Now that Ryan Madson is off the market for the irritatingly great price of 1 year for $8.5 million, the last expensive but undeniably plus reliever is gone. Unless Kenny Williams signs off on 4-year deal with Francisco Cabrera rights before the doctors realize what's wrong with him*, the specter of the White Sox panicking at the openness of their bullpen situation and burning their hard-earned savings seems to have passed. Now they can have Major League-style Spring Training auditions, or sign Joel Zumaya to be J.J. Putz The Sequel: Higher Injury Risk! Lower Ceiling!
But since that won't actually be an exciting process, and the mysterious Yoenis Cespedes rumor has been hanging over for a while, with no real idea of what it will cost or what it will bring or whether it's even possible. Let's explore that! There's no way to know the answer to the last two questions yet, and probably no way to know the first one either. But still, early January is the season for dreams**.
Since his initial, curiously bizarre first entrance onto the scene, Cespedes has made the rounds working out for teams, and a second scouting video has come out with less of a focus on shirtless dancing and pig-roasting, and more footage of the ever-so-telling batting practice highlights and methodically executed running drills.
From viewing, I can tell that Cespedes has above-average speed, can hit a ball out of a Cuban baseball stadium, probably isn't going to be an actual switch-hitter in the major leagues, and has a wonderful career in B-movies ahead of him. But perhaps a better option would be to synthesize the observations of others more familiar with eccentric scout videos.
Kevin Goldstein of Baseball Prospectus, making liberal use of the 20-80 scouting scale:
"Some scouts have put a 70 grade on Cespedes' power, and it is easy to see why. There is also evidence of some of the length and lunging in his swing that some are concerned about. It's hard to find a scout who has thrown a plus grade on Cespedes' hit tool, but even at 50, it's his lowest score of the five."
Thomas Belmont at Baseball Instinct is more bullish on his power and contact ability:
But one thing we already know is that the stats will not ring true to major league production. With that said, I think that Cespedes will have regression in areas like strikeout/walk ratio and his power output. But even if he regresses to a line of .290 with 25+ HR power while playing CF at an above average level, we would be talking about a 5 year $75mm contract for a player still in his prime.
I wouldn’t be surprised to see him settle in at LF though. So that line would make league average at best. It’s going to take some continued development of his power to make him a top level player in LF. If you take his 33 HR in 394 AB and stretch it out over a full 550 AB you are looking at approx 55 HR. Cut that for regression to the major league level by 30% and he could have 30-35 HR power now that he’s in his prime. That is the line that will make whatever team signs him, get their dollars worth.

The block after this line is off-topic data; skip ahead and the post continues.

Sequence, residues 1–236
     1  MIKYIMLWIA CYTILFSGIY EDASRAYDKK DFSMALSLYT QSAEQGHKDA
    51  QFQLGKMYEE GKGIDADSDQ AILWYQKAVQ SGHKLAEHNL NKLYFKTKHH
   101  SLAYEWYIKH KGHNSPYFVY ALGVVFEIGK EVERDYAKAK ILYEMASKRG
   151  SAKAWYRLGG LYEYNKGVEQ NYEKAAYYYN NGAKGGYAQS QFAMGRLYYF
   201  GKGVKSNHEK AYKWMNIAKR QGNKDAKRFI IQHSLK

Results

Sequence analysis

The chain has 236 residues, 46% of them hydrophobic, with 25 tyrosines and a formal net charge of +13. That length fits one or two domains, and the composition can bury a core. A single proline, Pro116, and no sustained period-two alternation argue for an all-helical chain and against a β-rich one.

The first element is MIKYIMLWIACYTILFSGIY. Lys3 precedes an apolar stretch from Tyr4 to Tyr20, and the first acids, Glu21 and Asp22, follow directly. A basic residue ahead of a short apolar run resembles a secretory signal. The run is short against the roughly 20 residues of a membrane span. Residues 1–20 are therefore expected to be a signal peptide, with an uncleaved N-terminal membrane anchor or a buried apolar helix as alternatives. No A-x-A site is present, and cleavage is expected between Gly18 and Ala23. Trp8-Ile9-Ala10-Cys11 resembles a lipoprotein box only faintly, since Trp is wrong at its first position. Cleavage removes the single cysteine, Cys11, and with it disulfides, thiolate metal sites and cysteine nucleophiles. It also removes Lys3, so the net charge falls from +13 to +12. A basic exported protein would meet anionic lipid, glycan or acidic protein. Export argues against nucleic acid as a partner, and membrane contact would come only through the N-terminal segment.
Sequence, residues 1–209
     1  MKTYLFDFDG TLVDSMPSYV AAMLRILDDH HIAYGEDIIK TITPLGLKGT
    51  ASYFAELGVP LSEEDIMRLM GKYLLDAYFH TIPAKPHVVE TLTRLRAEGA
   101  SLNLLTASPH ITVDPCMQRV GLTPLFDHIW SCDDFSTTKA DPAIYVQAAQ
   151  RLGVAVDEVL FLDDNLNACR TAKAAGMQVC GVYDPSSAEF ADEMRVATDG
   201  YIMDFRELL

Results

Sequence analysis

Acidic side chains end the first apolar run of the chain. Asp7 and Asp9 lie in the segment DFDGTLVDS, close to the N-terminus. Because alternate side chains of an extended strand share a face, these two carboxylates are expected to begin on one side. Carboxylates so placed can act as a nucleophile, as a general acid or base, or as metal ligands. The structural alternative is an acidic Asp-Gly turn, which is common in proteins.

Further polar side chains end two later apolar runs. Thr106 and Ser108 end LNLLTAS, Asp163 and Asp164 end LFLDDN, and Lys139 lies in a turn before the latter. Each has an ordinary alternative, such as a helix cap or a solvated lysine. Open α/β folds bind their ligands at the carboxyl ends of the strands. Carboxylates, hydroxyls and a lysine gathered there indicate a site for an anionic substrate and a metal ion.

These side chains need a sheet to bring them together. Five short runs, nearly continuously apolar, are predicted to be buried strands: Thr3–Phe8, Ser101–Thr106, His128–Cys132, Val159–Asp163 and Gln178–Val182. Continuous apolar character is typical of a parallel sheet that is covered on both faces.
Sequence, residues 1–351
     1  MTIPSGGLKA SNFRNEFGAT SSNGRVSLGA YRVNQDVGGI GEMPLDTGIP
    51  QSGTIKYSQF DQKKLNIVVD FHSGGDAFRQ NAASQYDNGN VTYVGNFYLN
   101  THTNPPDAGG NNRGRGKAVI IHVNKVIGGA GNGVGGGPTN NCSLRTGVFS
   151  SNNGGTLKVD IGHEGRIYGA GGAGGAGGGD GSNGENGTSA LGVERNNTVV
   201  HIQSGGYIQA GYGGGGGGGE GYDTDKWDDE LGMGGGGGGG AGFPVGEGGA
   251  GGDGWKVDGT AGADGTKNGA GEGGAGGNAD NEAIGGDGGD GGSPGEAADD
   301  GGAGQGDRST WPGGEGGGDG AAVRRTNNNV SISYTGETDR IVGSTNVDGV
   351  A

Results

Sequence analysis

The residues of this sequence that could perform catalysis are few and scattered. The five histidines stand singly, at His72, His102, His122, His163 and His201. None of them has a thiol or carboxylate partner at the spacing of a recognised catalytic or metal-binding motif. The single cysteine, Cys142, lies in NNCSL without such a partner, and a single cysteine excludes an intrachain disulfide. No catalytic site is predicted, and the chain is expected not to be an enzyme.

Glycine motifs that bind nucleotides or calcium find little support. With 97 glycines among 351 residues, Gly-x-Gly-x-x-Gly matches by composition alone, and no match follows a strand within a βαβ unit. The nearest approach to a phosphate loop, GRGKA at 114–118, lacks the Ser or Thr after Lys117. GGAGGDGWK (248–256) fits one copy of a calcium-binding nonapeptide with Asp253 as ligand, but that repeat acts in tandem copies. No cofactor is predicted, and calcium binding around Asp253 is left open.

There's not really the hubbub around Cespedes' fielding to suggest he's a plus centerfielder, but there's enough in his raw drill scores to suggest he at least has the footspeed to be an above-average corner outfielder. For a team that already has a competent centerfielder, a competent centerfielder on a mental sabbatical, a fourth outfielder capable of playing centerfield, and Dayan Viciedo - Human Turret, this isn't a damning flaw.
Without having access to Cespedes HBP totals, I would calculate his walk rate in the last season (49 walks in 403 PA's) to be 12.1% with a low, low, low K-rate of 9.9% (40 K's). Obviously, that would be phenomenal, but Goldstein's notes about his swing along with the fact that his .333 batting average was only good enough for 33rd in the league, suggests that making contact will be nowhere near as easy for him in the MLB as it was in Cuba. His plate discipline can be expected to similarly decline.
But frankly, even a player who struggles to hold onto an average OBP with power to all fields can thrive at U.S. Cellular. There are certainly doubts, but I find myself feeling obligated to support the pursuit of Cespedes provided the market for him doesn't explode into the prohibitive range.
I'd feel obligated to support the White Sox by default reducing the amount of playing time guaranteed to Alex Rios, and thereby by default improving their outfield defense. I'd feel obligated to support any effort actually related to the White Sox signing international talent, or acquiring someone before their prime, or signing someone with upside, or signing someone for reasons other than their production being easily projected.
I'd feel obligated to support it because it'd be fun, a gleefully distracting and circus-like addition to a typically drab and demure clubhouse. It'd be a showy reason to watch in a year that might otherwise require patience.
He might suck though.
*What's wrong with Kenny, that is
**HAHAHA, of course not.
***Fun note: John Danks is being paid a $500 K base salary this season, with a $7.5 million signing bonus to be paid out some time between June and October. Hopefully Danks knows what the precise date will be. I'm just amused by the prospect of him having smaller game checks than Phil Humber.